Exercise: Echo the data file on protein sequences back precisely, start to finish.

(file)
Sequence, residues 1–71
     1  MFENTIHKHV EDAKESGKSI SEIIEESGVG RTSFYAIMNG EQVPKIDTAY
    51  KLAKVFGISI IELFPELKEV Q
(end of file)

Sequence, residues 1–71
     1  MFENTIHKHV EDAKESGKSI SEIIEESGVG RTSFYAIMNG EQVPKIDTAY
    51  KLAKVFGISI IELFPELKEV Q